The Cloud Messenger

The Cloud Messenger,  itinerant theater, installed at the University of California, Berkeley, 1999. Shawn Brixey, back; the artist, front, seen spraying alcohol into the yaksa's cloud chamber. Photo Credit, Bassem Elias.   More photos...

About the work

MA FISH CO's  Meghaduta  or The Cloud Messenger  stages this 5th century A.D. Sanskrit play by Indian poet/playwright Kalidasa as a physics experiment for itinerant theater with turntable, filmstrip, slides, chalk, dry ice, radioactive elements and two cloud chambers. The cloud chambers (also known as diffusion chambers) represent the forced separation of the protagonist of the play, the yaksa--a kind of lower divine being--from his wife.

The synopsis of the play is as follows: The yaksa suffers his master's curse for a year for paying too much attention to his new wife and neglecting his duties. He must go into exile in the mountains of Northern India. Eight months of despair have emaciated him when he alights upon a plan to convince a passing cloud to visit his wife and rain upon her his love and assurances that he is all right. (The cloud as bearer of rain upon the earth is a sexual metaphor in many cultures.) To make the journey worth the cloud's while, the yaksa describes the marvelous scenery, beautiful women in the rivers, and festival events the cloud will encounter across India.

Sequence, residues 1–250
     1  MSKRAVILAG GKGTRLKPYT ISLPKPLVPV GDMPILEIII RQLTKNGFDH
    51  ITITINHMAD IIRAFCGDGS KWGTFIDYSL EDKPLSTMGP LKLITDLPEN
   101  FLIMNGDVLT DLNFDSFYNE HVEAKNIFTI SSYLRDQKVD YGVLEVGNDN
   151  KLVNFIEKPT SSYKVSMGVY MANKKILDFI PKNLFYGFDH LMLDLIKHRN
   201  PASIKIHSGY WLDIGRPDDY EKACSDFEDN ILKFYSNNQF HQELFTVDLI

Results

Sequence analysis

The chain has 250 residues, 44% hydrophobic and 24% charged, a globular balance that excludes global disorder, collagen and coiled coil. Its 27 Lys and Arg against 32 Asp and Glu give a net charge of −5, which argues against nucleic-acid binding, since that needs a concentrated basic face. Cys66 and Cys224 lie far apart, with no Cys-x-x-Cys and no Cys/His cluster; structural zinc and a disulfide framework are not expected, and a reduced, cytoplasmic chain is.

In this installation, a cloud will form in the chamber's supersaturated environment as the result of the introduction of alcohol. The alcohol responds to a temperature differential within the chamber by forming a mist. When random cosmic rays or ions passing through this environment pick up condensation from the mist their path is momentarily illuminated (in this case, against the black velvet that lines the two chambers, made of two large jars).

The work was created for an art course taught by Shawn Brixey at the University of California, Berkeley. The Cloud Messenger was followed by another MA FISH CO work about love and separation, the video short, Exquisite Corpse. A second quite different offshoot of this project, Heaven's Dark Side: the body, is a work that explores the Sanskrit and Latin roots of language to question how we acquire knowledge.

Performance History

  • Durham Studio Theater, University of California, Berkeley, CA, 1999.
  • Littlefield Concert Hall (lobby), Mills College, Oakland, CA, 1999.
Photo credit, Bassem Elias